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Black Eyed Peas’ Taboo fights DAPL & Cancer

Los Angeles (CNN) “The Fight” — it’s the new single by Taboo from the Black Eyed Peas.

And he’s been doing a lot of fighting lately.

He’s been on the front lines with fellow Native Americans trying to stop the Dakota Access Pipeline from being built on their sacred land.

Taboo also recently opened up about his battle with stage 2 testicular cancer.

For the moment, he’s winning both fights.

taboo chemo

Taboo joined John Vause on “CNN Newsroom L.A.” and was asked why he’s going public now after being free and clear of the disease since 2014.

Taboo: “First of all, it was a long process of doing chemotherapy for 12 weeks, 5 days a week, 6 hours a day. It was really intense. There were moments when I wanted to give up. Luckily, I continued my fight and got through all of the rounds of chemo. I wanted to rehabilitate myself — fully. When you’re doing chemotherapy, you usually get chemo brain. It’s psychological. It’s physical. I needed to heal first before I came out and said anything. Along my journey of healing, I had a baby girl who came as a surprise because they told us we couldn’t have no more kids. By the grace of the Creator we were able to have our baby girl…”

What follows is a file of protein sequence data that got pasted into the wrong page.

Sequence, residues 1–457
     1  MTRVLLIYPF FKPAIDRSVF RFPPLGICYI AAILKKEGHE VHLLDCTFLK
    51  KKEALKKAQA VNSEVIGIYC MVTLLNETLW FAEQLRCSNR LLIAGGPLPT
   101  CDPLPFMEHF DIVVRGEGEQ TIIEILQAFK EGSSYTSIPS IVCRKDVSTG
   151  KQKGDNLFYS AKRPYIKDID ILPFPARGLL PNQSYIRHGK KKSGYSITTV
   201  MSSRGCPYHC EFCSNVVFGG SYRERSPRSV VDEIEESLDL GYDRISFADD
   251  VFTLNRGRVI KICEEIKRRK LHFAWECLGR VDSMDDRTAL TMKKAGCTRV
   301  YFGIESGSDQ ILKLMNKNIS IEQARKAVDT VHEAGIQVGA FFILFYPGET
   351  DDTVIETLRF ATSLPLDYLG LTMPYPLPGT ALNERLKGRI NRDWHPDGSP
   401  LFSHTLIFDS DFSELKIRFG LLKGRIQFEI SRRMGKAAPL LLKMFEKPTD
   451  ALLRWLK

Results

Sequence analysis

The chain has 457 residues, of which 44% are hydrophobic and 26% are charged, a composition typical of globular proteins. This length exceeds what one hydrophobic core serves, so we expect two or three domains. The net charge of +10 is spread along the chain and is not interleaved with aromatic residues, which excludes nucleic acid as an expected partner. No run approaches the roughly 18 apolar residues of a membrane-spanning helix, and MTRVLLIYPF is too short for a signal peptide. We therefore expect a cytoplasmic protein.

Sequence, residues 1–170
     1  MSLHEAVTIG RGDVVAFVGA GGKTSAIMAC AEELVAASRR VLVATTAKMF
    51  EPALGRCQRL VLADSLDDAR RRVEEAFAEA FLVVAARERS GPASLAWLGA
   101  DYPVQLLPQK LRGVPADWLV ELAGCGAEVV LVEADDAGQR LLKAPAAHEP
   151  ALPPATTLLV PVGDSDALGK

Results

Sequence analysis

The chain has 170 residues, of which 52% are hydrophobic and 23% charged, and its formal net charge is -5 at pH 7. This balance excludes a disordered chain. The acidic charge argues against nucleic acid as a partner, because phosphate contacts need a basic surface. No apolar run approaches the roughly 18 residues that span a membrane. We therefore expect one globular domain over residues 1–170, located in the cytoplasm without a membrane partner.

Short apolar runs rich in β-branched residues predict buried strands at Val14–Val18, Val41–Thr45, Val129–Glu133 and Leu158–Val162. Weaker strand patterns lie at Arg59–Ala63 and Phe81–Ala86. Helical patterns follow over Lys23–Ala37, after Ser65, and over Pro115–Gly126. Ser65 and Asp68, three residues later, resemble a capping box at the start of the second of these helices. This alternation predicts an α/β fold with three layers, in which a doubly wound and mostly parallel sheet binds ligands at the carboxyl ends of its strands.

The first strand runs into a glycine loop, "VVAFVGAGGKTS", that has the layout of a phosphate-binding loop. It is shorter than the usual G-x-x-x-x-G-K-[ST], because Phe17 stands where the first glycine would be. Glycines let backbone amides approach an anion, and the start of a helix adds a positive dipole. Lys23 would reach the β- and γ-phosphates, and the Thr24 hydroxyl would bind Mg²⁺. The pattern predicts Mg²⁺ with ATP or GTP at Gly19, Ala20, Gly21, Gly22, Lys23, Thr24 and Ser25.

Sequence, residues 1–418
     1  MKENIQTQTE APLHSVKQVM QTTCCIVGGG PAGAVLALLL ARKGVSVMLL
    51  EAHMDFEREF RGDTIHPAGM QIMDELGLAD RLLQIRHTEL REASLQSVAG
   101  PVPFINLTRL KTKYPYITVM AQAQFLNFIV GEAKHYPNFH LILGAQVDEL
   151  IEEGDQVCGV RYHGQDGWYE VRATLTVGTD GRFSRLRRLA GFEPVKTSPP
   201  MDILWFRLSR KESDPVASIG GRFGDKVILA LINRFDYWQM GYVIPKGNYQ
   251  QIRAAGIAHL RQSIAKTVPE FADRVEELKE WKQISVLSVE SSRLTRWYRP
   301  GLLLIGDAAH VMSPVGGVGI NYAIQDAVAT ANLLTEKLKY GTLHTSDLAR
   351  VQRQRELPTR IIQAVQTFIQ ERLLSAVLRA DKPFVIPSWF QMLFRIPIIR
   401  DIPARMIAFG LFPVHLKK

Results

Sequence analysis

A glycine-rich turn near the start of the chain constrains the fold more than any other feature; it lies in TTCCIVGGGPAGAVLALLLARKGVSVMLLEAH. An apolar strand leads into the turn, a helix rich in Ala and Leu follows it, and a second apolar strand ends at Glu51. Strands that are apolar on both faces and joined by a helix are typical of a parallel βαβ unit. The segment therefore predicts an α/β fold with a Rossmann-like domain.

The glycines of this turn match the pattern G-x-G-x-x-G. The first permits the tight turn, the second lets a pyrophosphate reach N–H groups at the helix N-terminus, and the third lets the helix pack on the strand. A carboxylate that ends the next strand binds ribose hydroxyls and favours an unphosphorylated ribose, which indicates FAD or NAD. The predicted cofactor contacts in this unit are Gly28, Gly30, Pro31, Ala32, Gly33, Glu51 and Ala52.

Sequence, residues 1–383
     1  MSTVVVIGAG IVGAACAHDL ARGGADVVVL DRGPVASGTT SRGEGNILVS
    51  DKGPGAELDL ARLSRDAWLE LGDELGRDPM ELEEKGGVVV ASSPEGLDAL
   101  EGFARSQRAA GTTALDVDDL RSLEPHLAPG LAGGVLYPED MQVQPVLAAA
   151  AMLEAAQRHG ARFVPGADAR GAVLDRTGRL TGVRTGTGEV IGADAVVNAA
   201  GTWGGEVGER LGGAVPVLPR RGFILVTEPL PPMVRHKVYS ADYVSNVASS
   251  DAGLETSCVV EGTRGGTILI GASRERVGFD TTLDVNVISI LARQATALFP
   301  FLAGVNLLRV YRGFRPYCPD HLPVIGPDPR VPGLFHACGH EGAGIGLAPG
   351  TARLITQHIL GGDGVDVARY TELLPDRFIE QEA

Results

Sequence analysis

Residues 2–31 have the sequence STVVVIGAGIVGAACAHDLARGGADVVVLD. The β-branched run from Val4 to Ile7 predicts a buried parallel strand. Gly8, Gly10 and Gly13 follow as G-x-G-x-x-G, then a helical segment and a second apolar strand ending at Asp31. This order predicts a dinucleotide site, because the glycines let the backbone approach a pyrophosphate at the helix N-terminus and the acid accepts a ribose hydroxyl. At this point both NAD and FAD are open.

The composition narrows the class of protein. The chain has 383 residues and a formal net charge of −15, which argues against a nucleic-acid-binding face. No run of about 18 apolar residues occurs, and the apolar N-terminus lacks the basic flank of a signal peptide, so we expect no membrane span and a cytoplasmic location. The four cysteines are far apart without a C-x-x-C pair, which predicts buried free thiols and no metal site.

taboo heart

“Throughout my journey, I was able to build a partnership with The American Cancer Society. I said to myself, ‘You know what, with my music career, I’m able to speak to over 70 million people. How can I use that platform and be a voice to help millions of people with the same fight that I went through — the same struggle?’ So I utilized that moment as momentum to become part of ACS. That’s why it took me awhile to really come out and tell my story.”

Vause: “Let’s talk about what’s happening in North Dakota. There seems like there’s a win. The Army Corp. of Engineers have come out and said that essentially the pipeline will not go ahead across sacred lands. They’ve essentially blocked it. Many protesters, as well as yourself, believe this is not necessarily winning the war but more of a delay. Why is that?”

Taboo: “Just to clarify — we’re protectors, not protesters. I think there’s a misconception and I just wanna educate the media and let people know that a lot of times people say that we’re protesting — but how do you protest protecting sacred land that has been hundreds of years? I feel like it was my calling as a Native American, but more than that, as a human being to stand in solidarity with North Dakota, with my people that are there from different tribes, different ethnicities coming together. There was over 9,000 people at the campsite when we were there the day after Thanksgiving. I feel like it’s a small step forward in this battle, but we still have a lot of work today.”

protecter 2